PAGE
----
All you have to do is "Like" The Consumer Matters on Facebook, and add a comment on that page telling us why you are interested in a specific book listed below. If you want more than one, you'll have to work for it - provide three separate posts to plead your case. We'll give you some time to write a pithy, compelling, or needy post on our Facebook wall. And we'll even give you a few days to be creative. Next Friday, aka Black Friday, we'll pick the lucky winner, and then as an added bonus, you'll also be able to tell all of your friends that you nailed your first holiday gift without having to get up early and wait in line.
Our first book is Cynthia Rabe's "The Innovation Killer."
Next up, we're offering Jeffrey Hayzlett's "The Mirror Test."
And finally, our last selection is "Customer-centric Product Definition" by Sheila Mello.
So start the Like-fest and check back here and on Facebook next week for the lucky winners.
When I was a kid, I loved to pass the crummy Philadelphia winters making things. From Rube Goldberg-style contraptions to pinhole cameras, our attic was filled with my "inventions." Professionally, while I eventually channeled this urge to create into filmmaking and then product design, a few of those ideas still rattle around in my head as I lie awake at night.
But now, thanks to Quirky and MakeProjects, I have two new sites to scratch that creative itch. MakeProjects is a "collaborative resource for people who like to make things," and there are some clever, wacky, and creative projects already highlighted on the site to spur the inventor in you. The site also has a companion magazine, and this month's issue focuses on - wait for it - GADGETS! One of my favorite highlights is "the Most Useless Machine," a tautological invention if there ever was one.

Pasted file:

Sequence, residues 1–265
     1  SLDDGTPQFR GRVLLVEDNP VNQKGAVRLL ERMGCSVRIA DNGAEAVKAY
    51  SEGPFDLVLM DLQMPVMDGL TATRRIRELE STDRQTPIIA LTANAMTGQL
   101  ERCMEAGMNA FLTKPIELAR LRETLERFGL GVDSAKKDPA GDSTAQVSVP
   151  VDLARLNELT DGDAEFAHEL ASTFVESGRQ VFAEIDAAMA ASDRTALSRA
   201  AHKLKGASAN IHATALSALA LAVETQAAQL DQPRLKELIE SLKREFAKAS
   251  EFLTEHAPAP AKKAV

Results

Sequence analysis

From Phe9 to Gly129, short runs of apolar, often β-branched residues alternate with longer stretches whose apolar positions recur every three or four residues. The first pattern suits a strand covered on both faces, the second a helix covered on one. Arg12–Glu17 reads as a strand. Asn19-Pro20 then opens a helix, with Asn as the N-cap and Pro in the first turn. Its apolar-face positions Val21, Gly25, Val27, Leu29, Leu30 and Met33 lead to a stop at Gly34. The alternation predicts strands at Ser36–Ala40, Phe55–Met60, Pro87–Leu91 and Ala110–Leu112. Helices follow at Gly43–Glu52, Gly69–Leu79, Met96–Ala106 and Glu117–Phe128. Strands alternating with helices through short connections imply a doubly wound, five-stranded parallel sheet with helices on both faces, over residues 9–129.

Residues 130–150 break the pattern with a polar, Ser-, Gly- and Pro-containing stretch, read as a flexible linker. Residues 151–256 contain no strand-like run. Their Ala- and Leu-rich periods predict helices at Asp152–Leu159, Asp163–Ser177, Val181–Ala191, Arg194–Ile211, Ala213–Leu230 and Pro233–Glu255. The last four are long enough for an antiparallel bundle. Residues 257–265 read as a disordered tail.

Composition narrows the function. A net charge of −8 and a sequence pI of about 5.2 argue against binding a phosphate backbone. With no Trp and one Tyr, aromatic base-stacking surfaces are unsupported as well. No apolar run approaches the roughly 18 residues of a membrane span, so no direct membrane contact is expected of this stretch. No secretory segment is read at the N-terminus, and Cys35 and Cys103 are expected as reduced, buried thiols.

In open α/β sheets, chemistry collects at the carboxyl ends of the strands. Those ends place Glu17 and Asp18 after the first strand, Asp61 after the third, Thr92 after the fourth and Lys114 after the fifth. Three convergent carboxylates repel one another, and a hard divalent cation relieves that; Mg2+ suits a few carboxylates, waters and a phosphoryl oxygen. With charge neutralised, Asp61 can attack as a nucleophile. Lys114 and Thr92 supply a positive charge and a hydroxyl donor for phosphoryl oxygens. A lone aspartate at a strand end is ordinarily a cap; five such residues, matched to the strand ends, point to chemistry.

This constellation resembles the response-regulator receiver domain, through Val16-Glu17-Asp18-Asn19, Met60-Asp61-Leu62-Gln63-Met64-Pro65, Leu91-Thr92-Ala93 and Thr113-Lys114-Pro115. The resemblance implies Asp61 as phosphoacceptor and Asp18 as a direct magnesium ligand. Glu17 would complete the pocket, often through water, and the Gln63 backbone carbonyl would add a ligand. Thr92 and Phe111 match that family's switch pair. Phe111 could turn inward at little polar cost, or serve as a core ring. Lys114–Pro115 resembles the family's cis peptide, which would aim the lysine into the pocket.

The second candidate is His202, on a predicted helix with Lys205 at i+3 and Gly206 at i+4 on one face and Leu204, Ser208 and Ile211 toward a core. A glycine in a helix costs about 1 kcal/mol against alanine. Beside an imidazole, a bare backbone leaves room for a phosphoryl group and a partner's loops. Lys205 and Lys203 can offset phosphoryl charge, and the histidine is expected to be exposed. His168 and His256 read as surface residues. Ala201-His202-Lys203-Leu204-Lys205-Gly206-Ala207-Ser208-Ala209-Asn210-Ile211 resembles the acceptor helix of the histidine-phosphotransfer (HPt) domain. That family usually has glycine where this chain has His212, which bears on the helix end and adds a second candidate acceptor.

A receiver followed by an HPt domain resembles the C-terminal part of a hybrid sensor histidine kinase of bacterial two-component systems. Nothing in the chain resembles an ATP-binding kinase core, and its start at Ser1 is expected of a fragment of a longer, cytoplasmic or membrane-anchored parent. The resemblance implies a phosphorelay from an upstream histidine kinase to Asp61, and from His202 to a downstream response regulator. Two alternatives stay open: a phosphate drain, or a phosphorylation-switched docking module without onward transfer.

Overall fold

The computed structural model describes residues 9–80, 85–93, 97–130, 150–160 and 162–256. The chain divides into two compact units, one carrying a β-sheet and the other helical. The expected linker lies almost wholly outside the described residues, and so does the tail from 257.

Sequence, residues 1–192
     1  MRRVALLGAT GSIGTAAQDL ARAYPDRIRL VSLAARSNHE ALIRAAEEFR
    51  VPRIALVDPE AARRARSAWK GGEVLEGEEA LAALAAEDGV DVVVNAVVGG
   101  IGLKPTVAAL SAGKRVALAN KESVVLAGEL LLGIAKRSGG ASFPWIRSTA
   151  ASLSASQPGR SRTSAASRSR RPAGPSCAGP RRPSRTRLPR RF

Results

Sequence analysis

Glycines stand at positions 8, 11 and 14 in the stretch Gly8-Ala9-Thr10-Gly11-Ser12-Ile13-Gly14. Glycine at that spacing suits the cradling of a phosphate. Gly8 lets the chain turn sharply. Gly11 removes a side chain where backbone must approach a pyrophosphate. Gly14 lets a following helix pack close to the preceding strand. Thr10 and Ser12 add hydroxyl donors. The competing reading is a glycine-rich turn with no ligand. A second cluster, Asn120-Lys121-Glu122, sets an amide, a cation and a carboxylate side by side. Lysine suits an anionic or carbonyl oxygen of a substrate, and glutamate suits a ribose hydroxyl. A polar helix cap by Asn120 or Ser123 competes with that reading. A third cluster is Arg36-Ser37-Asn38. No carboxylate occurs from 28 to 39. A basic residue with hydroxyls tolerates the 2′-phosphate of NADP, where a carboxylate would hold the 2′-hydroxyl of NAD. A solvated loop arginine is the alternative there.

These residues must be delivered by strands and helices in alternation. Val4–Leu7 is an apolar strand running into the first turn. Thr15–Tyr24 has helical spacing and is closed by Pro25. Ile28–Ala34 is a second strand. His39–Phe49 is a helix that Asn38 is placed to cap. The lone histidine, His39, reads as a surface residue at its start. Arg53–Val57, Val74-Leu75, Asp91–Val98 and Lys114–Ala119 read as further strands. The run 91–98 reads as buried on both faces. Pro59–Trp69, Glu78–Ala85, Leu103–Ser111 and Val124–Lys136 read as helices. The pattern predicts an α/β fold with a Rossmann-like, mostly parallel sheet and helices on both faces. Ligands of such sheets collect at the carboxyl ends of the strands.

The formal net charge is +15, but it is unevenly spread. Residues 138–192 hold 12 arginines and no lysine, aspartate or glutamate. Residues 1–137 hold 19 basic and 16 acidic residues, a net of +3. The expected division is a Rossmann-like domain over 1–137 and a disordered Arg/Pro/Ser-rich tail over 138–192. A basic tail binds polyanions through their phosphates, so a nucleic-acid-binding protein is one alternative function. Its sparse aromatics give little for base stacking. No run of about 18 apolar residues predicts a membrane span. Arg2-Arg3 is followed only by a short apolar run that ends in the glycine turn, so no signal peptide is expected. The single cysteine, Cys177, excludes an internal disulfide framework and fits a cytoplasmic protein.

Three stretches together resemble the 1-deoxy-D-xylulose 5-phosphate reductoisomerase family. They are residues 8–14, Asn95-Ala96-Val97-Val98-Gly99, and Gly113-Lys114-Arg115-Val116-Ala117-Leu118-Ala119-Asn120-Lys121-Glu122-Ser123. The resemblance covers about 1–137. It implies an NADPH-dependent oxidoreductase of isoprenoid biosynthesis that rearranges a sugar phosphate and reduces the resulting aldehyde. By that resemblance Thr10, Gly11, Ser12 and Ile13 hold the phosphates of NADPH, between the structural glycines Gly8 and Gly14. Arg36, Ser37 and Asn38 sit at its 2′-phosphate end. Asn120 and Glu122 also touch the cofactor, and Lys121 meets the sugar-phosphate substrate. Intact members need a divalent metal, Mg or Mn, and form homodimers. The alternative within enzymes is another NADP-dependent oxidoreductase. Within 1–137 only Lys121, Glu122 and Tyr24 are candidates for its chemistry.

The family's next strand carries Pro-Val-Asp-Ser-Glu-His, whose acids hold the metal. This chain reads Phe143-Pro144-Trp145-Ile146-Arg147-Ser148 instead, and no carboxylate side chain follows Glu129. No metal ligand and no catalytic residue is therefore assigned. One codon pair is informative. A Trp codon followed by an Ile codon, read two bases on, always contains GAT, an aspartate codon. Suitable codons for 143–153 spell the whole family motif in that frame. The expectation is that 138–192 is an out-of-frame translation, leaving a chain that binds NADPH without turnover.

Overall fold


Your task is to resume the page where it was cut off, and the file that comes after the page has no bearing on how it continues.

Quirky is a social product development site which combines crowdsourcing and commerce together and enables would-be inventors access to a community of designers and consumers who help bring the idea to fruition. Quirky provides ideas a home to be nurtured, refined and built, and then offers those winning ideas to the public on their website. Quirky's staff builds prototypes and based on forecasted popularity (that is pre-sales), Quirky will take the product to production. If there is a community who'd love your product, but you don't have the resources to get it into the market, then Quirky is your answer.
Thanks to online creative communities like Quirky and MakeProjects, you needn't be a borrower or find a lender to realize being an inventor any more.
Thanks to my friend, Mark Hall for pointing this out to us. The simplicity of the interaction model belies some very creative thinking. Hang around for the whole video to see the amazingly cool applications these little cookie-sized tiles enable. An advancement beyond touch screens, these interactive squares are actually calculating and reacting to the motion around them.
No, this isn't another story about that prototyped and hyped next gen phone. The guy that walked into the bar was Michael Ohrbach, of Cascadia Capital, an investment bank in Seattle. The bar was the Celtic Swell, and it just happens to be co-owned by Joleen Winther Hughes, whose Hughes Media Law Group sponsors a series of events there to support the local start-up community.
Ohrbach laid out a series of charts and graphs to show the trends in funding for new business ventures from before the "econolypse" through today, with a compelling case that angel and venture funds are flowing to fewer projects with rigorous business plans, "and not just to inventors with a good idea." He maintains the Internet is still a driver of investment capital, and validated the continuing love affair investors have with consumer technology.
It's been a while since I posted any tweets that captured my attention. Here now is an eclectic group of ideas to ponder for a Monday AM.
RT @mindful_living “I am a very old man and have suffered a great many misfortunes, most of which never happened.” ~ Mark Twain
RT @eMarketer: Consumers Spent Less Time With All Media Except Mobile in 2009 [Stats] - http://bit.ly/d93XSA
RT @themarknews Why Neuromarketing's Time Hasn't Come - April Dunford — THE MARK http://bit.ly/9r2lCO
RT @gigaom The State of the Internet: Now Bigger, Faster & Mobile http://bit.ly/caFgZB
Awesome concept of a flexible OLED "tablet". From our new gadget scout here at The Consumer Matters - thanks, Jay!